Optimism of Arab youth is a call to action to build a better future, say experts
Posted on 2021 Oct,13

Listen to the article

A wide cross-section of Middle Eastern experts, including representatives from government, multilateral institutions, civil society, media, academia and the literary world, have called upon decision-makers in the Middle East & North Africa (MENA) to heed the call to action of Arab youth and build a better future, following the launch today of the 13th annual ASDA’A BCW Arab Youth Survey.

H.E. Yousef Al Otaiba, Ambassador of the UAE to the US and UAE Minister of State, said: “The data reflected in the 13th ASDA’A BCW Arab Youth Survey indicates a shift is pulsating within the region; one that bends toward a more hopeful outlook for our youth, yet confirms a series of profound changes currently underway. A rising spirit of nationalism is gaining resonance for Arab youth. This generation is increasingly looking inward at their Arab brethren for leadership. A growing self-reliance on ourselves, especially model Arab nations like the UAE, is fuelling this pride. As the UAE celebrates the Expo 2020 Dubai and marks the Golden Jubilee of our nation’s formation in December, we feel hope for the future, which coincidentally is the title of this year’s Arab Youth Survey.”

Dr Jihad Azour, Director of the International Monetary Fund’s Middle East and Central Asia Department, Washington DC, said that the survey results show that Arab youth are looking to the future with confidence. “We have a call to action, and decision-makers must examine the impact of the findings on government policy closely, including both the areas of common ground and the areas where the data diverges. To achieve the aspirations of Arab youth, we must increase financial inclusion, providing our young Arab entrepreneurs ready access to affordable finance. They must have a level playing field, where red tape and the interference of the state in economic management is kept to a minimum. And we need a new, citizen-based social contract.”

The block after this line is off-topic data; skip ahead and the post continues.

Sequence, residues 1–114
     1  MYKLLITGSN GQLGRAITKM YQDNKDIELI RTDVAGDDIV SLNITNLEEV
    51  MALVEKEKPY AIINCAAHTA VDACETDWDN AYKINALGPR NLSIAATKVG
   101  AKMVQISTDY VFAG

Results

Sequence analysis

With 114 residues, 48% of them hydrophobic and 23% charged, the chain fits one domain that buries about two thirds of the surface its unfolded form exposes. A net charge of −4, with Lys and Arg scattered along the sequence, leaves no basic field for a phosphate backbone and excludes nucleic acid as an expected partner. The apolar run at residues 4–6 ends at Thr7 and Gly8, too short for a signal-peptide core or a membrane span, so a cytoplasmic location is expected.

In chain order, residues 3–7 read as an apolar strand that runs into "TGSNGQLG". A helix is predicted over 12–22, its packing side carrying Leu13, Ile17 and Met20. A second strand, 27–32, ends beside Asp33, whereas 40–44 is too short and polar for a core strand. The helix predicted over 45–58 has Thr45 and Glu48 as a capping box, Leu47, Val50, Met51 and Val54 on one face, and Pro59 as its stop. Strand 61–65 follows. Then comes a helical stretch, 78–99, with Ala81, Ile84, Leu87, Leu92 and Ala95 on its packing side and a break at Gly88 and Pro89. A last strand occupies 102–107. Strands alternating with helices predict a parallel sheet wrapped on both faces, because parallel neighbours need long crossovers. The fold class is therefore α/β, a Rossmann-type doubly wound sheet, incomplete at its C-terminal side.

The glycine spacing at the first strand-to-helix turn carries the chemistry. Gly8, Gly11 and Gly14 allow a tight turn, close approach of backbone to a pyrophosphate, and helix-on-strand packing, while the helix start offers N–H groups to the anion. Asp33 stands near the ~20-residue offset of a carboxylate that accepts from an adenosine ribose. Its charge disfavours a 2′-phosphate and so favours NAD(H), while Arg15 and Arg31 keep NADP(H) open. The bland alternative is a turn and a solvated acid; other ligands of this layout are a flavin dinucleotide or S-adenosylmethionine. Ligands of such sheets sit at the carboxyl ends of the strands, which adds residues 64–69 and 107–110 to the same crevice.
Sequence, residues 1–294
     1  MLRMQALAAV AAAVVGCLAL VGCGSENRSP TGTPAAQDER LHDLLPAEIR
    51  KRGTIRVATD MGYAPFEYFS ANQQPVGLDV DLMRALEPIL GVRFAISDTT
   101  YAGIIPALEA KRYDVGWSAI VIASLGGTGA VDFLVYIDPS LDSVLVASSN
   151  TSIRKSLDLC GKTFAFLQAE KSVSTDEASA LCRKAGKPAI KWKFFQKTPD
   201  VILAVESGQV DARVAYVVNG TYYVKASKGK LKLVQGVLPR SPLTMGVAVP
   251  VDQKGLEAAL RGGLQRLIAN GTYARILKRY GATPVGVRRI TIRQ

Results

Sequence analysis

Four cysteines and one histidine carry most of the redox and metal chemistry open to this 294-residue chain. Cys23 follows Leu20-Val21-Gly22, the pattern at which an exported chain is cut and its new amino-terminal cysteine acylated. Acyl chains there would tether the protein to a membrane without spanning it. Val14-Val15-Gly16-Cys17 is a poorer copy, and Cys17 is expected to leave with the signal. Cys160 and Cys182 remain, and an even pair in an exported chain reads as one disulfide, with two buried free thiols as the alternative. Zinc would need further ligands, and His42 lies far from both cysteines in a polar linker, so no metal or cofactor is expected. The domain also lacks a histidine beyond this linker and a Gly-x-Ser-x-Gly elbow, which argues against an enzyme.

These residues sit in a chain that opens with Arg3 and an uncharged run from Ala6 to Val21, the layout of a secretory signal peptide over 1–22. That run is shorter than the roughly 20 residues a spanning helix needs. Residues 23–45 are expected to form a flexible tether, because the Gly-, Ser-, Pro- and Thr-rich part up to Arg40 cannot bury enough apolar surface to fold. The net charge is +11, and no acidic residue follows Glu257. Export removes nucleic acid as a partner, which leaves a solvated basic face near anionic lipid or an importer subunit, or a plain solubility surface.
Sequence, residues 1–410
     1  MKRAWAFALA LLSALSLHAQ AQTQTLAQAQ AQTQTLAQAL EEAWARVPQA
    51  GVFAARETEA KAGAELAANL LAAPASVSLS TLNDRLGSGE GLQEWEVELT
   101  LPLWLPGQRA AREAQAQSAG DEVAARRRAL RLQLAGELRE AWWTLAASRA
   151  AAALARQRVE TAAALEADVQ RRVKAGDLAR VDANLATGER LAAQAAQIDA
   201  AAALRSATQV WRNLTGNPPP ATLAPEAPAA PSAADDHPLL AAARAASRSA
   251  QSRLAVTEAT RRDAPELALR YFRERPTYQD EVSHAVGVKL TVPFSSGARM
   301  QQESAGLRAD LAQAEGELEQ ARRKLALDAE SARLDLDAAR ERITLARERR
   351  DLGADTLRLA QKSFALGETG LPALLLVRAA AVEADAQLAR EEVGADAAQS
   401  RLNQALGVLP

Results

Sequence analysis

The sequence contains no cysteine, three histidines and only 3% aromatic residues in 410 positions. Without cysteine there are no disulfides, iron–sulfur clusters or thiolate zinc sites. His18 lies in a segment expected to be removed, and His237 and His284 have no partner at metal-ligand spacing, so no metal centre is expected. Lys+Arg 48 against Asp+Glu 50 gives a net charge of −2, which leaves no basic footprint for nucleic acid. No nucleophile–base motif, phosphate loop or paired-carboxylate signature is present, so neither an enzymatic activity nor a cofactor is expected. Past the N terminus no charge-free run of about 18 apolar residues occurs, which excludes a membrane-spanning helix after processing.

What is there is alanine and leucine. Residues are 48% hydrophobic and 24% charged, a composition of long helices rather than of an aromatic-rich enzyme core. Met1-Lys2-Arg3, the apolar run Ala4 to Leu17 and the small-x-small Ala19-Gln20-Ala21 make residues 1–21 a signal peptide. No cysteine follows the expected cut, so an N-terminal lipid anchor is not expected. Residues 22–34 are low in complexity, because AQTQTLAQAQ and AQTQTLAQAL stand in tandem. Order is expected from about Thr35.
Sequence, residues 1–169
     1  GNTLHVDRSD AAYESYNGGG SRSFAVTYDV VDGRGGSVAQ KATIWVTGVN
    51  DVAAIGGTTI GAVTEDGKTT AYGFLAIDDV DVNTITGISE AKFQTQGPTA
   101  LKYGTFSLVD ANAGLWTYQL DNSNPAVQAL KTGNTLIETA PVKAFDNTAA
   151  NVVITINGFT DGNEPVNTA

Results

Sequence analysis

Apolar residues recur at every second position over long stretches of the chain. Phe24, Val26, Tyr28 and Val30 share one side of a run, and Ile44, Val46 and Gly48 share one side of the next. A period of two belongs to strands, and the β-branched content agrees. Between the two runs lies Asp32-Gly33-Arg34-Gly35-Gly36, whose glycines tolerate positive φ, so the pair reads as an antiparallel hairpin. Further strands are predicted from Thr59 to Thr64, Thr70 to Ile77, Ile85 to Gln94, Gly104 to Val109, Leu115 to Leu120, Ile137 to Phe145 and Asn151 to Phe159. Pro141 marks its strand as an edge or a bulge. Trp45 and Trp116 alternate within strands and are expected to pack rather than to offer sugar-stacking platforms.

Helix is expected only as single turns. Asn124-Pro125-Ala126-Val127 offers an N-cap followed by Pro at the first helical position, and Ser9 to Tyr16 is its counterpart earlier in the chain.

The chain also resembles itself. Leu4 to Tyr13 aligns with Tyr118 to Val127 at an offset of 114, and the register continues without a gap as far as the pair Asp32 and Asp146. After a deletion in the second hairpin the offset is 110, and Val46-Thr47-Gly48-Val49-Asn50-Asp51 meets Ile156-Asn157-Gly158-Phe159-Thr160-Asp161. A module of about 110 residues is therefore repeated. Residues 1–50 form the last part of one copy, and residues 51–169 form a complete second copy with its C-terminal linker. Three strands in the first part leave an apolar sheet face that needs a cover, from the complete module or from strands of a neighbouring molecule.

Veteran Saudi editor Khaled Almaeena highlighted the value of the data underpinning the ASDA’A BCW Arab Youth Survey. “In a region where accurate information is sometimes in short supply, these findings offer a refreshing insight into the mindset of young Arabs. These hopeful citizens, who live in a society that is part-tribal and part-patriarchal, need an environment that will allow them to articulate, and then strive towards, their own vision. They want their voices to be heard because they are the future of this region; they are stakeholders, not merely bystanders.”

“These findings are an opportunity for those in power to pinpoint their priorities,” said Faisal Al Yafai, Journalist and Partner at Hildebrand Nord in the UK. “Young Arabs are the rising generation, and we must ensure we have the right structures in place to realise their aspirations. The last thing we want them to say is, ‘We had such optimism but you couldn’t deliver.’ At the end of the day, it comes down to the relationship young people have with the political classes. Providing the kitchen table issues are being addressed, they won’t take to the streets.”